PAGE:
The United Nations and partner aid agencies in Afghanistan said Tuesday they urgently need funds to provide "post-arrival" assistance to hundreds of Afghan families returning from neighboring Pakistan daily to avoid arrest and deportation.
"More than 60% of arrivals are children," the U.N. humanitarian coordination agency said in a statement. "Their condition is desperate, with many having traveled for days, unclear of where to return to and stranded at the border."
The U.N. agency issued the statement on X, formerly known as Twitter, a day after its country chief, Daniel Endres, visited the Torkham border crossing between Afghanistan and Pakistan to meet with new arrivals and assess the situation.
The Pakistani government, in early October, ordered the deportation of all foreigners without legal documents, including 1.7 million Afghans, warning those who remained in the country beyond November 1 would be arrested and expelled to their countries of origin.
More than 200,000 individuals have since returned to Afghanistan, with the numbers rising by the day, according to the country's Taliban government. Afghans are also using Pakistan's southwestern Chaman border crossing to return home.
The Taliban have set up temporary camps on their side of the border to provide immediate shelter, food, health care, and other services to returning families.
The International Rescue Committee said Tuesday that "the needs in Torkham are immense," and with hundreds of families arriving each day, they will only grow. It is expected that people will continue to arrive for the next six months, said Naseeb Mashal, IRC Afghanistan senior area coordinator.
"Our health team has treated many people, including children, for severe injuries sustained on the long and arduous journey through the mountains to Afghanistan," Mashal said. He added that many of the new arrivals are women and girls.
"As winter approaches, the IRC is profoundly fearful for the survival of people who are sleeping in tents or under open skies, as the temperatures are continuing to drop and heavy rains are expected to start in mid-December," he cautioned.
Mashal said that the humanitarian response requires urgent funding from the international community to help meet the needs of thousands of new arrivals at the crossing areas and in Afghan provinces where families will eventually settle.
"After decades of conflict, instability, and economic crisis, Afghanistan will struggle to absorb families — many of whom have not lived here for decades. With an existing population of over six million internally displaced individuals, the Afghans returning from Pakistan face a bleak future," Mashal warned.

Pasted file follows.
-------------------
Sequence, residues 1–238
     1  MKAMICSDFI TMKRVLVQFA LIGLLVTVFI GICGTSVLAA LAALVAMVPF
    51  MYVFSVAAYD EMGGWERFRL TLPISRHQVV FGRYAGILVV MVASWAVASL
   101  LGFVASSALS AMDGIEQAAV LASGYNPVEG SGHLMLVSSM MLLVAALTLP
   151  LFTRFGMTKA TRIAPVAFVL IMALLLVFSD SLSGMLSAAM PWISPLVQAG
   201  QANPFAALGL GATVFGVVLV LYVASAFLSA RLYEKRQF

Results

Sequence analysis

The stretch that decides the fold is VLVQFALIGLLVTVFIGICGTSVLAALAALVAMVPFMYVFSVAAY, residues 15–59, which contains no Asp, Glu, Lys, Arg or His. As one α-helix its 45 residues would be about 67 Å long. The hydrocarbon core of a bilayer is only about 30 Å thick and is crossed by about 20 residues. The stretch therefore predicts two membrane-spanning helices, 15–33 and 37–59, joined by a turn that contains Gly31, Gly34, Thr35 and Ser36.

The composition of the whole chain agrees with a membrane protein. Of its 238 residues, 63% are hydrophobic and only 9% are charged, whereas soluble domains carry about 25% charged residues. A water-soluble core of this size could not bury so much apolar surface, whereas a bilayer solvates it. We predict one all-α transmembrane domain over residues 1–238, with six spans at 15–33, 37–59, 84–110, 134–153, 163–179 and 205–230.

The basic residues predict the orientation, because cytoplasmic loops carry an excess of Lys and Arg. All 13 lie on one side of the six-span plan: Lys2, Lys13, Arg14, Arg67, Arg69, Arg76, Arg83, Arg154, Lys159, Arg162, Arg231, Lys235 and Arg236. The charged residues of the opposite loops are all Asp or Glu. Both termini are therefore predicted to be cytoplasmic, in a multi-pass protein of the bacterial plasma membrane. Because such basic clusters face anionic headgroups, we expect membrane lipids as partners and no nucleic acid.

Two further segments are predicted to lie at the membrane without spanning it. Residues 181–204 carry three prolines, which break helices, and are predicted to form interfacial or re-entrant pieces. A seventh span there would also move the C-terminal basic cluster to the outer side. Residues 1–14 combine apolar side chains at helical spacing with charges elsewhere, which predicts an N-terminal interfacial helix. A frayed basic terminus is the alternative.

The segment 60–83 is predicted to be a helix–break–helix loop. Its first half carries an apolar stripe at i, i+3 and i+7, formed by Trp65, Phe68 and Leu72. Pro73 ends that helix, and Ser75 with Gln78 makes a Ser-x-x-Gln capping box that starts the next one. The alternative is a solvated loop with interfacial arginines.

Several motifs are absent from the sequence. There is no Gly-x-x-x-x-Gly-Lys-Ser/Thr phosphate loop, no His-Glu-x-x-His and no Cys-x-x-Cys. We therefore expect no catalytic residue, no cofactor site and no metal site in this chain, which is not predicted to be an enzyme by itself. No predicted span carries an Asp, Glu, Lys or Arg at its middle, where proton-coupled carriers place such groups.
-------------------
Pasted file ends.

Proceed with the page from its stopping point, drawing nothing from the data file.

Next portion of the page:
The Taliban have denounced the Pakistani deportation plan, and U.N.-led global refugee agencies have repeatedly urged Islamabad to suspend the deportations, citing an already dire humanitarian crisis in Afghanistan.
Pakistan has dismissed calls for halting the crackdown on foreigners residing illegally in the country.
"The policy is very clear. Individuals who are illegals, who do not possess legal documents, (and) who have overstayed their visas will be repatriated. So, there is, at this point, no reconsideration of the policy," said Pakistani Foreign Ministry spokesperson Mumtaz Zohra Baloch.
"We have discussed this plan with the Afghan authorities. We have shared with them the details of the plan, the thinking behind this plan, why we are doing it, and how we are going to do it," she told reporters at a weekly news conference last Thursday.
Baloch reiterated that around 1.4 million Afghans registered as refugees in Pakistan and 880,000 more with legal status are not the subject of the crackdown.
Sarfaraz Bugti, Pakistan's caretaker interior minister, has cited a surge in terrorist attacks in the country for ordering undocumented foreigners to leave, claiming that 14 out of 24 suicide attacks this year were carried out by Afghan nationals. Militant violence has killed hundreds of Pakistanis, mostly security forces, in 2023.
Pakistani officials maintain that Taliban-allied fugitive militants are increasingly plotting cross-border attacks from their sanctuaries on Afghan soil, charges Taliban officials reject.
More than four decades of hostilities in Afghanistan, starting with the Soviet invasion in the late 1970s, and natural disasters prompted millions of citizens to flee the impoverished country to neighboring Pakistan and Iran. Iranian authorities have also reportedly sent back more than 120,000 Afghans over the past two months.
U.N. officials estimate that more than 600,000 Afghans took refuge in Pakistan after the Taliban's August 2021 takeover in Kabul. The hardline group returned to power as the United States and NATO troops withdrew from Afghanistan after nearly two decades of presence in the country.
Many of the new refugees in Pakistan say they are reluctant to go back because they fear retribution and abuse by the Taliban for their association with the U.S.-led foreign troops.